Wolfie and Bisou were disappointed because there is nothing they like better than raw kale stems. In the past, I used to toss them a couple whenever I was in the garden, and I even thought it was sweet when Wolfie would snap off a leaf or two on his own and share it with Bisou. But when this spring he pulled two baby kales up by the roots, I had to say many serious "leave it's" and make some shame inducing gestures (furrowed brow, arms at hips, torso bent over dog until tail droops and head turns aside).
I had to jam the kale leaves into the sink to wash them (found the season's first Japanese beetle), and then I put them into my big stockpot to boil for fifteen minutes, which I spent peeling garlic. That huge bag of kale boiled down to two pounds, which I mixed with two cups each of Parmesan and olive oil, eight cloves of garlic, one cup of pecans, and some salt.
This went by stages into the food processor (a gift from the same daughter who introduced me to pesto made with kale). How did our foremothers make pesto with a mortar and pestle? It must have taken endless hours and brawny forearms.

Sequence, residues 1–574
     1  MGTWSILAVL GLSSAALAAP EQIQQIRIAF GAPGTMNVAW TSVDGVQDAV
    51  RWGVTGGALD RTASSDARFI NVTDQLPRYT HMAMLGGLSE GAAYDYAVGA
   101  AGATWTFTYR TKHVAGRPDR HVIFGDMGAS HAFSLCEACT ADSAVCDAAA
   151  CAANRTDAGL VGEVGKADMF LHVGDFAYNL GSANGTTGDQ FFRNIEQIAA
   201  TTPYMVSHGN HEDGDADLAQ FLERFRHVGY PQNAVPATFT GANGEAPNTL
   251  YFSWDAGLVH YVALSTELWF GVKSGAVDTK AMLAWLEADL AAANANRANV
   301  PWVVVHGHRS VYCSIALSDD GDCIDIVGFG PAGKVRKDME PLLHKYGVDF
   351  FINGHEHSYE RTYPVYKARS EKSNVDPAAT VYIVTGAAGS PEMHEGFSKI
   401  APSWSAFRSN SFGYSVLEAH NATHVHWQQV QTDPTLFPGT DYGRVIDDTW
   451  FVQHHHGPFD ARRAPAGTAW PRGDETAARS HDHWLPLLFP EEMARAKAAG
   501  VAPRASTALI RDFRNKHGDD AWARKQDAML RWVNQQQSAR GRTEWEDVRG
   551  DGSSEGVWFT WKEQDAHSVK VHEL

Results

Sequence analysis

When everything had been reduced to mush I had a total of...care to guess? Eight cups of pesto. I had hoped for something closer to maybe twenty cups, but at least it tasted divine.
How can something so good also be good for you? I pondered the miracle of pesto as I began the final and least pleasant task: stuffing one cup of oily, gooey pesto into each of eight freezer bags. It was a messy business, but at least I got to lick the spatula.
But eight cups! That's only eight meals. If we eat pesto once every couple of weeks or so, we'll need twenty-four cups, which leaves sixteen yet to be made, i.e. two more batches just like the one I made today. There's more than enough kale out in the garden for this. Right now, I'm just not sure I have the courage.
|You Are What You Eat|